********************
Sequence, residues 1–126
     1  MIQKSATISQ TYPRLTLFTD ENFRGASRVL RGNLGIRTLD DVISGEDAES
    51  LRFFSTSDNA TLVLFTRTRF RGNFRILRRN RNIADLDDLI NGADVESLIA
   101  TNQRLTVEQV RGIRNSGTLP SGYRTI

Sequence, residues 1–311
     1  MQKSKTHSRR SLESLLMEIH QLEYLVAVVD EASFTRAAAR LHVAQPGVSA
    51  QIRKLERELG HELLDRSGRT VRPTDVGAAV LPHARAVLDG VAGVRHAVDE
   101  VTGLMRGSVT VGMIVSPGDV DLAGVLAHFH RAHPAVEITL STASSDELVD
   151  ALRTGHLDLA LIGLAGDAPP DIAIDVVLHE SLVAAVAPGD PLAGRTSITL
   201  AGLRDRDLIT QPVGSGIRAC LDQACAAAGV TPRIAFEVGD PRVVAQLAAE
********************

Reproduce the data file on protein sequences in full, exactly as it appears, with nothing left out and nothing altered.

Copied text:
Sequence, residues 1–126
     1  MIQKSATISQ TYPRLTLFTD ENFRGASRVL RGNLGIRTLD DVISGEDAES
    51  LRFFSTSDNA TLVLFTRTRF RGNFRILRRN RNIADLDDLI NGADVESLIA
   101  TNQRLTVEQV RGIRNSGTLP SGYRTI

Sequence, residues 1–311
     1  MQKSKTHSRR SLESLLMEIH QLEYLVAVVD EASFTRAAAR LHVAQPGVSA
    51  QIRKLERELG HELLDRSGRT VRPTDVGAAV LPHARAVLDG VAGVRHAVDE
   101  VTGLMRGSVT VGMIVSPGDV DLAGVLAHFH RAHPAVEITL STASSDELVD
   151  ALRTGHLDLA LIGLAGDAPP DIAIDVVLHE SLVAAVAPGD PLAGRTSITL
   201  AGLRDRDLIT QPVGSGIRAC LDQACAAAGV TPRIAFEVGD PRVVAQLAAE